An environmentalist has lashed out at the long-term management of Rocky Hill, one of Goulburn’s most valuable natural assets.
In the latest setback following clearing to make way for houses, months of rain has washed out a scar on the hill, filled backyards and the Goulburn Wetlands below with mud and gravel, and likely killed fish and reptiles.
One of the wetlands original driving forces, Rodney Falconer, a former Goulburn high school teacher and environmental consultant, says Rocky Hill is an important scenic backdrop for the city, easily seen and complementing Goulburn’s wonderful heritage architecture. Mr Falconer says the residential development will create yet another hillside of ‘ticky-tacky’ houses.
Heather West from the Friends and Residents of Goulburn Swamplands (FROGS) said land clearing on the hill, contrary to Mr Falconer’s recommendations years ago, sent mud flowing into May Street backyards. At the wetlands, gravel had washed over grassed areas, mud was dumped into the ponds, slopes were eroded and revegetation mulching work gutted.
Mrs West said two of the dams the developers had since built on the cleared site had breached in the last downpour.
“Unfortunately, when it isn’t raining, they pump out the dams and let the water flow down May Street into the stormwater drains and into the Wetland ponds,” Mrs West said.
The Goulburn Group, which initiated the wetlands project, says hundreds of tonnes of mud have destroyed paths and vegetation and caused significant pollution to the water, with the likely deaths of many fish, reptiles and other species.
The Goulburn Group says the deluge was an environmental disaster waiting to happen given the indiscriminate clearing of trees and other vegetation on a steep hill.
“We are dismayed that, despite objections and warnings on multiple occasions, inadequate action was taken to prevent what has occurred,” a spokesman said.
A Goulburn Mulwaree Council spokesman said the developer, Lockenstrand Pty Ltd, has been fined twice for working outside consent guidelines and polluting water.
A stop-work order was issued and the only work allowed were control and prevention measures.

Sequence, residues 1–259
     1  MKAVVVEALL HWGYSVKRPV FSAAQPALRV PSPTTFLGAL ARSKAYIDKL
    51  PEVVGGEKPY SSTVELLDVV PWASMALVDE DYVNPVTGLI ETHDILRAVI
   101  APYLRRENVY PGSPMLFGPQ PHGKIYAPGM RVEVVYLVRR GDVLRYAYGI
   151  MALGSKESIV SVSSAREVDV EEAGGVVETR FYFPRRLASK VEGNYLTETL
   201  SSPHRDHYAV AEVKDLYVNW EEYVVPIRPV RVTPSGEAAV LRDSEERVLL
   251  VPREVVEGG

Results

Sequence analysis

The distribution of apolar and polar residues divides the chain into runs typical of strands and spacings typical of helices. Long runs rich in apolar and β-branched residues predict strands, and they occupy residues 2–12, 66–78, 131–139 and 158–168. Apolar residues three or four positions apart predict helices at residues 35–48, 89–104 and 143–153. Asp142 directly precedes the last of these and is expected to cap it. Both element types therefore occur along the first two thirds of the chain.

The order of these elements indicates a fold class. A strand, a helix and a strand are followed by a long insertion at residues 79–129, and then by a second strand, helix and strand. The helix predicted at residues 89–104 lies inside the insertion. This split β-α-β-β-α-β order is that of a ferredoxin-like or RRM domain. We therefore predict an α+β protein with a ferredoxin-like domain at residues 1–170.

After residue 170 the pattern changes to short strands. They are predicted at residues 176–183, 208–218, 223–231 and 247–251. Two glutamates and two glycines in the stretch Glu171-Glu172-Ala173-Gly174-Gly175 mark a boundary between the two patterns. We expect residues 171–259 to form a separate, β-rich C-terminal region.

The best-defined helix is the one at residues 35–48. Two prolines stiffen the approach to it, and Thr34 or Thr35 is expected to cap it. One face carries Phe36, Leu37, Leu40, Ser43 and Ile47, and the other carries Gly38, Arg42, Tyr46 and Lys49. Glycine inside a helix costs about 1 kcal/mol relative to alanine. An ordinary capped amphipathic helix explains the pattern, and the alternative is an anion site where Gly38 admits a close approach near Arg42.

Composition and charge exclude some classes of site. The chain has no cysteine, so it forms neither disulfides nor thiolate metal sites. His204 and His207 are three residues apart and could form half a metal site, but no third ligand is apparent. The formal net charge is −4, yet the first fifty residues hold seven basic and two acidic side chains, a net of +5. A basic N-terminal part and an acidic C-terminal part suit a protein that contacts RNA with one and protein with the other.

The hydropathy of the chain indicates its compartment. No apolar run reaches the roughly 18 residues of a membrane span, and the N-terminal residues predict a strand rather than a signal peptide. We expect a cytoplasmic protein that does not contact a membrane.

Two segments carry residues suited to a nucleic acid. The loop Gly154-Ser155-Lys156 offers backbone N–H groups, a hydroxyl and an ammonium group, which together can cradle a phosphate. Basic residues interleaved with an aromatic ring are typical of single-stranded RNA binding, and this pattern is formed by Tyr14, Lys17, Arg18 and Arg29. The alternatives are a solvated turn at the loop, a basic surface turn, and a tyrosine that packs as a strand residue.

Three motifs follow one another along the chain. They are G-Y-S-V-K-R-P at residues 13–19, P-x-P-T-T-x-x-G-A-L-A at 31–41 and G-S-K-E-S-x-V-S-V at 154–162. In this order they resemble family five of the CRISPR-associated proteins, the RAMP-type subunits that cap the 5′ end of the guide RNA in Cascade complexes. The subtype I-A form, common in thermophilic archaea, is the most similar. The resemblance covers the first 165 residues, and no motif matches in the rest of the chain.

The spokesman said the developer was not allowed to pump silt water out of the dams during fine weather and needed to let sediment settle as they were only allowed to pump clean water out.
“Any dirty water that leaves the site is an offence and is considered a pollution incident,” he said. “Council is currently assessing our legal options in regard to further action against this developer on this matter.”
Region Media has sought comment from the developer.
For several years, Mr Falconer has provided vegetation reports and recommendations for Rocky Hill. He cites author Jim Smith’s Aborigines of the Goulburn district which records the Indigenous Gandangara who had a large corroboree ground, featuring large rocks on top of Rocky Hill where the memorial stands today. Below those rocks was a boy’s initiation ground.
Pleas from author Mary Gilmore, who lived nearby, to leave the Aboriginal areas of cultural significance intact were ignored as the community built the war memorial.
Large areas of the hill were wheelbarrowed up to make the war memorial and vegetation was stripped. The original eucalypt forest didn’t grow back. Instead, Tasmanian and South Coast eucalypts spread from nearby street trees onto the northern edge.
At the southern edge of Rocky Hill stood ancient scribbly gum with a healthy under-storey in which mostly Grevillea arenaria grew, which protected insects and small birds. This area was part of a significant migration route for native animals from the South Coast to the tablelands. The southern edge could still harbour the Rosenberg monitor, a threatened goanna species.
Yellow box woodlands, another threatened ecological community, grew at the bottom of the hill.
“I’m not sure how that was let go, certainly the environmental protection laws didn’t do it any favours,” Mr Falconer said.
He had also learned from land authorities water poured from rocks on the hillside long after periods of heavy rain.
“Any houses dug in there, disturbing the rock, could put them at risk and possible landslides and so on,” he said.
“That whole central part of Rocky Hill was important, botanically diverse and had a lot of large old scribbly gum. It was in fairly good condition and a major asset to the town, but not viewed so by some of the older councillors in particular,” he said, referring to the former Goulburn City Council.
He said the council had failed then and still today to appreciate Rocky Hill as an environmental and aesthetic asset.
“The management of this site has not been studiously policed whatsoever,” Mr Falconer said.